Discrepancies were observed between results of different beta-lactamase induction tests with amdinocillin, which appeared to be a strong inducer in whole-cell assays but a weak inducer in assays with cell-free sonic extracts. Results of a nitrocephin-disk test with constitutive beta-lactamase producers indicated that the positive results obtained in whole-cell assays were due to drug-produced leakage of enzyme from the cell and not to induction. Imipenem was also found to cause leakage of beta-lactamase from a similar number of constitutive enzyme producers, while cefoxitin was much less likely to cause leakage. A split-dose regimen was employed to treat mice infected with a strain of Enterobacter cloacae which appeared to leak enzyme on exposure to amdinocillin. Results indicated that prior treatment with amdinocillin significantly enhanced (P <0.025) the efficacy of azlocillin, an enzyme-labile drug, but did not affect the efficacy of cefotaxime, a relatively enzyme-stable drug. Conversely, prior treatment with amdinocillin did not potentiate the efficacy of either azlocillin or cefotaxime in the treatment of mice infected with an Escherichia coli strain that was highly susceptible to all three drugs. Thus, it appears that amdinocillin may potentiate the activity of other beta-lactam drugs not only by binding to a complementary penicillin-binding protein but also by causing leakage of beta-lactamase from the cell. This effect may be related to its ability to bind to penicillin-binding protein 2 and subsequently produce changes in outer membrane permeability.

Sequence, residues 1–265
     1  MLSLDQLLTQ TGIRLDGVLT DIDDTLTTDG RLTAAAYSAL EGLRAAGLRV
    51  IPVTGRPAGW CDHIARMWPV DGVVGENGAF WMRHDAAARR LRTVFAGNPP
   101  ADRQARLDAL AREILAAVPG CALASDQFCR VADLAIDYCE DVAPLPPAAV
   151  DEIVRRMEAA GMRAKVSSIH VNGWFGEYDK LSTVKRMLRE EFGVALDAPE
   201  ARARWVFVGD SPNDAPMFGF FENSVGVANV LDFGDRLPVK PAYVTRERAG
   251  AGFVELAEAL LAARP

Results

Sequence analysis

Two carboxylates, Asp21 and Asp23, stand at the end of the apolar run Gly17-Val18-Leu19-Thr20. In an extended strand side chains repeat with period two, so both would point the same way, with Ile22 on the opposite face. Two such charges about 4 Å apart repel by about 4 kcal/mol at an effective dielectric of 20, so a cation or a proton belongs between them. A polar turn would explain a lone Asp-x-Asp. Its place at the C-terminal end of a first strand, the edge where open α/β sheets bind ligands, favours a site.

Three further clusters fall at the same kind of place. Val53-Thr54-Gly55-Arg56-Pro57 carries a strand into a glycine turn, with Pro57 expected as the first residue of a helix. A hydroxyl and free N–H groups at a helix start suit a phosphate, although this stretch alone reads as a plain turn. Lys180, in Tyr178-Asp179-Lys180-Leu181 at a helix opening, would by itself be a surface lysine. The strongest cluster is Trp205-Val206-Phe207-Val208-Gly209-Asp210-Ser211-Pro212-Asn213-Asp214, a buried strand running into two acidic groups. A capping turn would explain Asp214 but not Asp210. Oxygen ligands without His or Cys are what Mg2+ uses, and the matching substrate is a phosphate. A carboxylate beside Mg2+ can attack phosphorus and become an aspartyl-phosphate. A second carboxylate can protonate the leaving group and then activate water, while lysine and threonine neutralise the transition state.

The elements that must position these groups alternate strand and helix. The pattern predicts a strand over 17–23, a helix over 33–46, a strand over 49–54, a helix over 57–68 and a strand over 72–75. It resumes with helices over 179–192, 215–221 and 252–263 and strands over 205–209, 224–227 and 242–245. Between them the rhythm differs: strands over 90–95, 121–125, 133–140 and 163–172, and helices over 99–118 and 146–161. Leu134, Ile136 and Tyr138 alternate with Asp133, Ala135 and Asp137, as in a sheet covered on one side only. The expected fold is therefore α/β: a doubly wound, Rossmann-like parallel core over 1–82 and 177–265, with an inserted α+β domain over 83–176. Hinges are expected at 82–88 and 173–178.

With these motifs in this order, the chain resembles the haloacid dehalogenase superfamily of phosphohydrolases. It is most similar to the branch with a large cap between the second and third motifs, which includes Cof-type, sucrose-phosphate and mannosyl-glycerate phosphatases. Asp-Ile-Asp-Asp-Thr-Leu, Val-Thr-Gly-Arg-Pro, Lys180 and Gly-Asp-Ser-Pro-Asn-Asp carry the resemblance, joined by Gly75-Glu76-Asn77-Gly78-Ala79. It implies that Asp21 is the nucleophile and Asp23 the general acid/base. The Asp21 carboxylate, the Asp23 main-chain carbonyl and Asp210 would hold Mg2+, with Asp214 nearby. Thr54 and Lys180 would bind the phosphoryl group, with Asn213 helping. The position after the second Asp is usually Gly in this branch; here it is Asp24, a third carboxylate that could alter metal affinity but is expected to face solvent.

All Science Journal Classification (ASJC) codes
- Pharmacology (medical)
- Infectious Diseases